From the June/July 2017 Issue  

En Garde

Writer Mary Vinnedge  |  Photographer Patricia Burke  |  Location Essex Fells, NJ  |  Landscape Design Susan Cohan, APLD
  • Wanting a checkerboard effect in one section of the property, the wife got tips from landscape designer Susan Cohan and then tasked a landscape contractor with installing 18-inch bluestone squares and grass in between. “It’s easy to maintain,” Cohan says. “You just mow over it.” The teak bench once belonged to the wife’s grandmother.

  • Reclaimed granite curbs form steps in the sloping lawn near a naturalistic planting (ornamental grasses, peegee hydrangeas, yarrow and more) that’s designed to be viewed from the pool. Landscape designer Susan Cohan terraced the colorful planting bed with boulders.

  • In back of the pool house, Susan Cohan chose the wall’s stone to harmonize with, but not match, the structure. In early spring, the bed holds a profusion of blooming bulbs; the purple ‘May Night’ salvias shown here steal the show in mid-spring.

  • The homeowners often host formal parties and impromptu barbecues on their bluestone patio. The pool area “is a real magnet for everybody, my three sons and their friends,” the wife says.

  • Eight can dine at the table under the pergola, which is 8½ feet wide, 20 feet long and 9½ feet tall. An accelerator product quickly changed the pergola’s brown cedar to a warm gray.

  • Labrador retrievers Winnie (left) and Remy charge into the pool while chasing a tennis ball. They swim all the time, the wife says.

  • The wife furnished and decorated the pool house, a.k.a. “the barn,” which is used year-round. The furniture, made for outdoor use, is moved onto the patio for large parties. Not shown is the barn’s large television, which is great for watching baseball games, she says.

  • A 6-foot tuteur (one of a pair) stands amid penstemon, Alpine betony, ‘Summer Beauty’ alliums, ‘May Night’ salvia, ‘Limelight’ hydrangeas and ‘Green Mountain’ boxwood. Later, blooming clematis will adorn the non-climbable mesh inside the split-rail pool fence. The wife created the container planting.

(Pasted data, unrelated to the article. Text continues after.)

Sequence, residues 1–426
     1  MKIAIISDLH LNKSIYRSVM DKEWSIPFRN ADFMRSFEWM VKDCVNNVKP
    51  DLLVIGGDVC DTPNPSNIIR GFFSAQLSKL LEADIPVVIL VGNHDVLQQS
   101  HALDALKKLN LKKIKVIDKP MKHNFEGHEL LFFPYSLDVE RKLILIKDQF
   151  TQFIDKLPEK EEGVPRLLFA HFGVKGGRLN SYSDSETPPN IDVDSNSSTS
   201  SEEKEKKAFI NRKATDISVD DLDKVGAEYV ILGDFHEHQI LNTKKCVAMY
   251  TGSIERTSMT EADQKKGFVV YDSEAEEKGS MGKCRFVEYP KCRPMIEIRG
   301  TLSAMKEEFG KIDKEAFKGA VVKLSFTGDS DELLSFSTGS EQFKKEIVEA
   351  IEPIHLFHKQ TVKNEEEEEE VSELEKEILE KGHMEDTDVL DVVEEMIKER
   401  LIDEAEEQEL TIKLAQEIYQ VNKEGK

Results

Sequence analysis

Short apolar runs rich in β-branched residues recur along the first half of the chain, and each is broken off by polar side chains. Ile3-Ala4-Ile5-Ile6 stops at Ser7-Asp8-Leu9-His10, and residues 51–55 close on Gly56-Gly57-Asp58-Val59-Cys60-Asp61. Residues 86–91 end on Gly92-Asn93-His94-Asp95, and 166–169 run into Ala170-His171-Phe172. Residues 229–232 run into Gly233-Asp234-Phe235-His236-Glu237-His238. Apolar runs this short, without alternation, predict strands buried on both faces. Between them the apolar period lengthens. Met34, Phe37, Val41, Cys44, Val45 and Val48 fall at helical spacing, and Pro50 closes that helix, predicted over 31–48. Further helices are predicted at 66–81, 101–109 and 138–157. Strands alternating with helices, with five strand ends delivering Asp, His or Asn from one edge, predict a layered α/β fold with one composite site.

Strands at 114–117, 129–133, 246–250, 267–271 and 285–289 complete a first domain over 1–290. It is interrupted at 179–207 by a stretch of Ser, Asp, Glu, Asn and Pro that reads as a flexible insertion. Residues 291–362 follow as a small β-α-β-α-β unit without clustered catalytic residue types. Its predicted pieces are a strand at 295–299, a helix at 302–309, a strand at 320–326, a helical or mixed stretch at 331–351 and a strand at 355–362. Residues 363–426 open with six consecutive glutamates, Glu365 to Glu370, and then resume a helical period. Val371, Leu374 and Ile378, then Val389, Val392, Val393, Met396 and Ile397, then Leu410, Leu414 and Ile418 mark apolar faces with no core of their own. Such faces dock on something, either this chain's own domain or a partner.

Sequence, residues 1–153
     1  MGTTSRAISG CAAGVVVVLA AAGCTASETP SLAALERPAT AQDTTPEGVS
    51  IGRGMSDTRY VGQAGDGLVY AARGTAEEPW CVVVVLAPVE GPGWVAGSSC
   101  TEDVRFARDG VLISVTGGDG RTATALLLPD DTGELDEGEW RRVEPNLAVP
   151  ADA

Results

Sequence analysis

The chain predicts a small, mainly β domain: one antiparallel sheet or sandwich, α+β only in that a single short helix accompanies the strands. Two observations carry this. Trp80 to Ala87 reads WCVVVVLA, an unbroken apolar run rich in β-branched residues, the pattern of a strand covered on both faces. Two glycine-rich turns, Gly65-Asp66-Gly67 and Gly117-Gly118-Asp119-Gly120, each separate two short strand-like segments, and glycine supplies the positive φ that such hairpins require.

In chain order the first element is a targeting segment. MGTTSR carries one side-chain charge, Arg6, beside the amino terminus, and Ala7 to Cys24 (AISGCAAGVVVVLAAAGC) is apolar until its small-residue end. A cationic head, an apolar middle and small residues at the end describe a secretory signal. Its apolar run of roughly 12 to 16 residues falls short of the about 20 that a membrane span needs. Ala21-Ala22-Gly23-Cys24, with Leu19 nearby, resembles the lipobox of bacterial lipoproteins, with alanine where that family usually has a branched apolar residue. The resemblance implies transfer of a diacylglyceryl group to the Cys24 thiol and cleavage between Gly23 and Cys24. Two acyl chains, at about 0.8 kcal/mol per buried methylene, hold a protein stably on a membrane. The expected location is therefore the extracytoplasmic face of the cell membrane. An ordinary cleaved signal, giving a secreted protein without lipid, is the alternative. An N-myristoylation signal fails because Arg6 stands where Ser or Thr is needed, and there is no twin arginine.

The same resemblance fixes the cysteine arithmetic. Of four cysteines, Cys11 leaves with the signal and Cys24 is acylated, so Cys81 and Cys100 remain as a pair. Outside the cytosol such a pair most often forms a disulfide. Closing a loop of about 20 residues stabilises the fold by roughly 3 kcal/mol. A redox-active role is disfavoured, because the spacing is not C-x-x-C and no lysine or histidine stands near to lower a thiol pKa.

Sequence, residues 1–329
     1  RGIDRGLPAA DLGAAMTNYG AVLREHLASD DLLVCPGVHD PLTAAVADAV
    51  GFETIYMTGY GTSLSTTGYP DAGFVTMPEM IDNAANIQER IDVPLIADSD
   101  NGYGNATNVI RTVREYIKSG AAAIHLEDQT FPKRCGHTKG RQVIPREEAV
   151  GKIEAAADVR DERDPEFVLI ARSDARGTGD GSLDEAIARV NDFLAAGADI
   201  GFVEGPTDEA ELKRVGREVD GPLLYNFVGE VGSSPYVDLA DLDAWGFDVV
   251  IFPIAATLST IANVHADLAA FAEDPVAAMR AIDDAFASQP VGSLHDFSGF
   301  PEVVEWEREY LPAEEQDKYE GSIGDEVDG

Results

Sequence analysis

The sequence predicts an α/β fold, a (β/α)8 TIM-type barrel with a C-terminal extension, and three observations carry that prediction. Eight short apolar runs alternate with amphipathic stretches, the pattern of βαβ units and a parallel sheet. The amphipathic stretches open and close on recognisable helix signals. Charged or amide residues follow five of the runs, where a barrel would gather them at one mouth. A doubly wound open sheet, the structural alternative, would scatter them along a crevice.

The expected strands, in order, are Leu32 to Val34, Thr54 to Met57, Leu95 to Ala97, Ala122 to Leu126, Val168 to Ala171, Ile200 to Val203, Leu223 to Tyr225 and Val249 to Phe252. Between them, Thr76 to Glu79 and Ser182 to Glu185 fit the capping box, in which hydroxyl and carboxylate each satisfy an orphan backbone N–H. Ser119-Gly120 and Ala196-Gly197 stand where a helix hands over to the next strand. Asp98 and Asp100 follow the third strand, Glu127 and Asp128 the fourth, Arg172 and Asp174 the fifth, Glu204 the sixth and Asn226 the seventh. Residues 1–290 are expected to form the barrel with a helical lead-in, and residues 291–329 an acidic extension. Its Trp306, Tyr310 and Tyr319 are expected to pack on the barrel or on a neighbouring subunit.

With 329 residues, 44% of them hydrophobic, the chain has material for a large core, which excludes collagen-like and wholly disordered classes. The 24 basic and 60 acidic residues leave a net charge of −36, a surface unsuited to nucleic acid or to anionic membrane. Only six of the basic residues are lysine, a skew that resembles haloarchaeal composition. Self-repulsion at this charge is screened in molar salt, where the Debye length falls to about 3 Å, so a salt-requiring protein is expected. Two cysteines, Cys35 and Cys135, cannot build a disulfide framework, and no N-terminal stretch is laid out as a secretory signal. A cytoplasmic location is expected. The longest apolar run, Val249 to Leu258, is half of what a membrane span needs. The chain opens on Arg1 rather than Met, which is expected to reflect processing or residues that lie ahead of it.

A landscape designer attacks a cluster of problems in Essex Fells.

When it comes to challenges, landscape designer Susan Cohan is no shrinking violet. In planning a two-acre garden in Essex Fells located in New Jersey, she faced off against voracious deer, digging Labrador retrievers, a steep slope, poor drainage and compacted clay soil. But Cohan, a member of the Association of Professional Landscape Designers, points to one trump factor working in her favor: clients who are patient, understanding and in sync with her vision.

The collaboration began in 2011, when the landscape was nearly all lawn, says the wife, who had admired photos of Cohan’s work on Facebook. “It was a perfect match” from their first meeting, the wife says. Although the homeowners had already contracted to do the pool and pool house (built in 2012), Cohan joined the team before construction, which allowed her to head off problems. For instance, she moved the spa to improve entertaining flow on the patio.

“The goal for me was to tie together the pool, house and pool house,” says the landscape designer, whose firm is Susan Cohan Gardens in Chatham, NJ. Key unifying elements are a cool palette for blossoms and stonework in the garden that complements stone on the structures without matching.

But first things first: drainage. “We pulled out trees that were sitting in water although the soil on top was dry,” Cohan says. “The backyard was a swamp that got overflow from the road and runoff from the hill. A large [underground] drainage system now mitigates that.”